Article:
European Maritime Safety Agency (EMSA) - (Decentralised Agencies)
Description Go to funding source website
Decentralised agencies contribute to the implementation of EU policies. They also support cooperation between the EU and national governments by pooling technical and specialist expertise from both the EU institutions and national authorities. Decentralised agencies are set up for an indefinite period and are located across the EU.
- Role: Offers technical expertise and operational assistance in maritime safety, security and pollution
- Director: Maja Markovčić Kostelac
- Set up: 2002
- Staff: 250
- Location: Lisbon (Portugal)
- Website: EMSA
The European Maritime Safety Agency (EMSA) provides technical expertise and operational assistance to improve maritime safety, pollution preparedness and response and maritime security.
Most of the Agency’s tasks are preventive, such as monitoring how certain laws are being applied and evaluating their overall effectiveness, but some tasks are reactive, such as providing EU countries with oil recovery ships in the event of a major spill at sea and detecting marine pollution through satellite surveillance.
What it does
EMSA provides governments and authorities with detailed, reliable knowledge about what happens at sea, in real time, to help them implement maritime policies effectively. EMSA also offers maritime services which respond to the changing needs of diverse maritime users across Europe:
- vessel reporting
- earth observation
- integrated maritime information
- pollution response
- port state control.
EMSA plays a pivotal role in promoting best practice. Experience dealing with a variety of both safety and security-related concerns from legal and operational perspectives has given EMSA extensive knowledge about many of the issues which arise, and about the practical realities of addressing them.
EMSA conducts many different kinds of technical inspection:
- inspecting classification societies listed as ‘Recognised Organisations’ by EU countries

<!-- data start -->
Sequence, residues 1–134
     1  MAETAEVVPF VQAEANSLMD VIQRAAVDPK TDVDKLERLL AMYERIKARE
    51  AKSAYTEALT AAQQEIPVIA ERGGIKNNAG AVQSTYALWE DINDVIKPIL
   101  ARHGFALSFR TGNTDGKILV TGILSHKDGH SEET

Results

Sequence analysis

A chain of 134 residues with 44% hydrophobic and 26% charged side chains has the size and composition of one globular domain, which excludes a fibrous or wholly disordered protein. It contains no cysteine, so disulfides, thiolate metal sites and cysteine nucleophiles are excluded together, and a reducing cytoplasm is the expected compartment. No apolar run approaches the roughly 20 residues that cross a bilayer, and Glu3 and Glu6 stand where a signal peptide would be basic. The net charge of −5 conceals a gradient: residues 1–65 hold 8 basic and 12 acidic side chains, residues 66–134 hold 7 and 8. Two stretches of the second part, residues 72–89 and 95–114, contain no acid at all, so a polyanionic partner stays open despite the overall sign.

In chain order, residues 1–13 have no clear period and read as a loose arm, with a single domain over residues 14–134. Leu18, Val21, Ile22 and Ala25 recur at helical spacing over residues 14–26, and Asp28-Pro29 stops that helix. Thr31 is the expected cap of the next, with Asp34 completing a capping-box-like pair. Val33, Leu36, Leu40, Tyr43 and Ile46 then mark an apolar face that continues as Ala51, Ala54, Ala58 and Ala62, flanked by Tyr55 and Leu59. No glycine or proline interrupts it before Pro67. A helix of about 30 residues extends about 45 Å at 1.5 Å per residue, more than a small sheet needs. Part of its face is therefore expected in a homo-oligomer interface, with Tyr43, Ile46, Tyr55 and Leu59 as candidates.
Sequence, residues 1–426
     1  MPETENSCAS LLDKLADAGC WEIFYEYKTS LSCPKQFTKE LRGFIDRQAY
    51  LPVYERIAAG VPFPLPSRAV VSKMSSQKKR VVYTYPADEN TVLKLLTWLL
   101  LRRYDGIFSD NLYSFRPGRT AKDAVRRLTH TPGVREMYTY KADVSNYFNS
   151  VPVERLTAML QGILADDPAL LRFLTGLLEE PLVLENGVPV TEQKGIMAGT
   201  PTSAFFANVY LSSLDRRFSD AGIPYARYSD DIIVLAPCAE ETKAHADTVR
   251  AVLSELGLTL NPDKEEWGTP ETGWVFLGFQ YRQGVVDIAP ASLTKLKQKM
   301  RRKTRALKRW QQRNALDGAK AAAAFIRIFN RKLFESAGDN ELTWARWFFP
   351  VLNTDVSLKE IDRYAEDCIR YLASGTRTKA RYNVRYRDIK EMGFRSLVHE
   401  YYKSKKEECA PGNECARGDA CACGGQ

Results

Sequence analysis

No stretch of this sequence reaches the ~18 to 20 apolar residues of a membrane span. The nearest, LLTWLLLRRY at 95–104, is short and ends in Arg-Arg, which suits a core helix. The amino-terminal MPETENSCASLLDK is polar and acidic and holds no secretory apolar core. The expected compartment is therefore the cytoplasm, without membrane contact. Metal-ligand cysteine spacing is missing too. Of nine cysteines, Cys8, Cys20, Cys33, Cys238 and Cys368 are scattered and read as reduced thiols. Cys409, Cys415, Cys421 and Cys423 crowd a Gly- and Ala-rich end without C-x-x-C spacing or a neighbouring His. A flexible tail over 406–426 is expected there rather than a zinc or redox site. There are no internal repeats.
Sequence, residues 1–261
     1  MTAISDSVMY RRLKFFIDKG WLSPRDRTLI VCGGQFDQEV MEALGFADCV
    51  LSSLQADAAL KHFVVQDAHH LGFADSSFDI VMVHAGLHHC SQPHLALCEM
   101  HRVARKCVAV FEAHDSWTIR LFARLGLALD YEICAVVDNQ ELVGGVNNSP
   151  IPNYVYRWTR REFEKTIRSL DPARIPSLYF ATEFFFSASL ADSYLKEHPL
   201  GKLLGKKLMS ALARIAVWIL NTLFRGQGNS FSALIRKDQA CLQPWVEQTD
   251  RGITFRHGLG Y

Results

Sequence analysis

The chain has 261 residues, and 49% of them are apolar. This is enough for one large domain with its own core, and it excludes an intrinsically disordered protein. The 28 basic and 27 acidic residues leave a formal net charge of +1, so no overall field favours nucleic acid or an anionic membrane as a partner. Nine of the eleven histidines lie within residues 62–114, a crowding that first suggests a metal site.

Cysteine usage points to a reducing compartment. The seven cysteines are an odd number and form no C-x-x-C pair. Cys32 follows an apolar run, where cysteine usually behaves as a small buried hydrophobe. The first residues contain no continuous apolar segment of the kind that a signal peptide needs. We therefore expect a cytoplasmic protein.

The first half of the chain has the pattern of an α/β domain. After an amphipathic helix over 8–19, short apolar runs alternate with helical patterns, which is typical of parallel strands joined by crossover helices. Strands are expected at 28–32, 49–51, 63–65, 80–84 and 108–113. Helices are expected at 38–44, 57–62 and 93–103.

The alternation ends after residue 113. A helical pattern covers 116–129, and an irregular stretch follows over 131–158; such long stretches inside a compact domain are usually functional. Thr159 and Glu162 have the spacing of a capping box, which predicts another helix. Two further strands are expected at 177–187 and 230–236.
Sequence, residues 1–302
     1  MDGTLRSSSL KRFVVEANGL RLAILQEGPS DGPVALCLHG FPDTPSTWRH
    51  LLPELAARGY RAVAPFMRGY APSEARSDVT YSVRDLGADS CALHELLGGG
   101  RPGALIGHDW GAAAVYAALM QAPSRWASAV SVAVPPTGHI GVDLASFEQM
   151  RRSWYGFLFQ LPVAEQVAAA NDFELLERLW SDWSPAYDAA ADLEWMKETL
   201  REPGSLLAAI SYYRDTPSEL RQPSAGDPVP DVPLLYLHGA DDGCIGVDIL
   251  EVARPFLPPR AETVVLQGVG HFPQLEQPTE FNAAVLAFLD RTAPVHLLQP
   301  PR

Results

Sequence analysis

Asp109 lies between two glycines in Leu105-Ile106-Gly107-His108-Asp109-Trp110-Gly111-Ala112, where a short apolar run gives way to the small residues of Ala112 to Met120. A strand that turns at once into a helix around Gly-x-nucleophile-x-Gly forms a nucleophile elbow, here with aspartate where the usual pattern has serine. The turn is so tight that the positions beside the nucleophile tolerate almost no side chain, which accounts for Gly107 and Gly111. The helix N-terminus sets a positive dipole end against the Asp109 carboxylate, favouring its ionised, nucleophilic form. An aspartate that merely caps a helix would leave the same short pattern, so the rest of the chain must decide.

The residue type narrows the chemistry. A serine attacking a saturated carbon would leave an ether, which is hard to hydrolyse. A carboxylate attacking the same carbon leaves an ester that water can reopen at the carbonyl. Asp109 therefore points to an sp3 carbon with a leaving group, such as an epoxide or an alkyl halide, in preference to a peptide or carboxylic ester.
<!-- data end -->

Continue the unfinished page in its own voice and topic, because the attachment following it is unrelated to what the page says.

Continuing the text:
- inspecting maritime education and certification systems in non-EU countries
- checking that ships calling at EU ports are adequately inspected
- checking national vessel traffic monitoring systems.
- ensures the consistent investigation of marine accidents throughout the EU
- shares best practices on maritime safety, security and environmental issues.
EMSA is managed by an executive director who is directly supported by an executive office, 3 heads of department, a policy adviser, an accounting officer and an internal control coordinator. The Agency has 10 individual units under its 3 departments — corporate services, safety and standards, and operations.
EMSA’s executive director reports to an Administrative Board which meets approximately 3 times a year and comprises:
- 27 government representatives, one from each EU country
- 2 non-voting government representatives from Iceland and Norway
- 4 representatives from the European Commission
- 4 non-voting representatives from the maritime industry.
The Administrative Board discusses and adopts EMSA’s work programme, budget and establishment plan, multi-annual staff policy plan, and the annual report which details the Agency’s performance output.
How it works
Every 5 years, EMSA reviews its strategy and what it is aiming to achieve. After wide-ranging consultations with the Administrative Board and the EU institutions, EMSA draws up a multi-annual work programme. A detailed annual work programme is then drawn up.
EMSA works together closely with other EU agencies and institutional organisations such as:
- European Fisheries Control Agency (EFCA)
- European Space Agency
- Maritime Analysis and Operations Centre for Narcotics
- EU Navfor.
EMSA’s main target groups are:
- EU institutions
- EU national maritime administrations
- EFTA coastal state maritime administrations.
Internationally, EMSA supports:
- the International Maritime Organisation
- countries bordering the Mediterranean Sea, Black Sea and Caspian Sea as part of the European Neighbourhood Policy.